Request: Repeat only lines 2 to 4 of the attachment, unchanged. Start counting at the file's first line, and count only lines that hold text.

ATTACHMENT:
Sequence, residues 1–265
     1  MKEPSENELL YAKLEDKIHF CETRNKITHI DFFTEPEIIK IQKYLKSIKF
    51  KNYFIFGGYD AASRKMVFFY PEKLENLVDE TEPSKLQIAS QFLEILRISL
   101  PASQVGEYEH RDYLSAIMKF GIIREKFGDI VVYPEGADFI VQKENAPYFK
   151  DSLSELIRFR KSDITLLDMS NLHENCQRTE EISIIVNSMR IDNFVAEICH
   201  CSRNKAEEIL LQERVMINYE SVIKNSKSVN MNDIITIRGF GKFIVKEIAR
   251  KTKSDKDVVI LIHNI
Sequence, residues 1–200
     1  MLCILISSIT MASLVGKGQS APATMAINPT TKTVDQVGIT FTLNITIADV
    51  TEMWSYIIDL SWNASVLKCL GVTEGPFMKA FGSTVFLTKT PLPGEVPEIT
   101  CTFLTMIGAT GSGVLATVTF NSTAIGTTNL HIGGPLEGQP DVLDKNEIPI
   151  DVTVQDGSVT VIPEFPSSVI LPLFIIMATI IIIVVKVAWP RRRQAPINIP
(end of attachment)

     1  MKEPSENELL YAKLEDKIHF CETRNKITHI DFFTEPEIIK IQKYLKSIKF
    51  KNYFIFGGYD AASRKMVFFY PEKLENLVDE TEPSKLQIAS QFLEILRISL
   101  PASQVGEYEH RDYLSAIMKF GIIREKFGDI VVYPEGADFI VQKENAPYFK